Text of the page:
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'A book with special and dangerous properties' Hilary Mantel, bestselling author of Wolf Hall
'Enthralling' M.R. Carey, bestselling author of The Girl With All the Gifts
'An imaginative tour de force' The Times
1558: Twelve children, gifted far beyond their years, are banished by their Tudor queen to the town of Rotherweird. Some say they are the golden generation; some say the devil's spawn. But everyone knows they are something to be revered - and feared.
Four and a half centuries on, cast adrift from the rest of England by Elizabeth I and still bound by its ancient laws, Rotherweird's independence is subject to one disturbing condition: nobody, but nobody, studies the town or its history.
Then an Outsider arrives, a man of unparallelled wealth and power, enough to buy the whole of Rotherweird - deeply buried secrets and all . . .
Welcome to Rotherweird.
'A remarkable achievement' Sunday Independent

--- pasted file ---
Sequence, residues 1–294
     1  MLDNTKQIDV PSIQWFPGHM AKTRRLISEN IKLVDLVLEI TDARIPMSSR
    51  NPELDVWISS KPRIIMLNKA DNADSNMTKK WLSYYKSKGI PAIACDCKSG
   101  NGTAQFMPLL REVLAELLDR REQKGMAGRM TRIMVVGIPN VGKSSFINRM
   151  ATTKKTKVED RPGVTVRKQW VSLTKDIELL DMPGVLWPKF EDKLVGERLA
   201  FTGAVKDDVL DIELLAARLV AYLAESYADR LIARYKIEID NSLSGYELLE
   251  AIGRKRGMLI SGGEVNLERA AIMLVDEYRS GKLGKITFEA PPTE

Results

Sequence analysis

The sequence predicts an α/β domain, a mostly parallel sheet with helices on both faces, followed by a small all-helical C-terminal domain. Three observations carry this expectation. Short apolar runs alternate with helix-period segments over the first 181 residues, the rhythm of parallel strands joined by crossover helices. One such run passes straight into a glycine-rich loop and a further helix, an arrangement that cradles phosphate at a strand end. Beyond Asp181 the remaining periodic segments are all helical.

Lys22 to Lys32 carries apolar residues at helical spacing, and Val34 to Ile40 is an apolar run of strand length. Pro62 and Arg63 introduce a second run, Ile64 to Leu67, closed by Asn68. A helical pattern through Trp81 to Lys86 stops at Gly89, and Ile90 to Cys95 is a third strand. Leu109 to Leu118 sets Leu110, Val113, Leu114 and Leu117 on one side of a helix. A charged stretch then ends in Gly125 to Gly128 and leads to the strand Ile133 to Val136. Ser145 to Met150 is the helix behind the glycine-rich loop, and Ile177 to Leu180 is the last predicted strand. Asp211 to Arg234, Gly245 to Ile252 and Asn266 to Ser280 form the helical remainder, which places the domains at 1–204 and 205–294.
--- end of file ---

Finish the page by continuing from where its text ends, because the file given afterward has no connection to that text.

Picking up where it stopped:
In this intricate, leisurely trilogy opener, Caldecott weaves an evocative picture of a small British town characterized by its reclusive nature, both haunted by and disconnected from its mysterious past. When the hapless Jonah Oblong is hired to teach modern ("1800 and after is the rule") history to the students of Rotherweird, he discovers a community filled with eccentrics and geniuses, bound by ancient rules, the most important of which is "we're forbidden to study old history" especially the town's own origins. Meanwhile, the enigmatic Sir Veronal Slickstone moves into Rotherweird's long-empty manor, setting into motion a series of bizarre events that seem poised to uncover secrets left buried for centuries. With a sizable cast pursuing numerous plot threads over the course of months, this tale starts slowly, only picking up speed once the layers of magic-riddled history are gradually pulled back. While the focus might be on the oddball inhabitants, Rotherweird is the true heart and soul of the narrative, a character in its own right. Dense language and overly clever riddles complicate a complex story that will nevertheless reward the patient reader.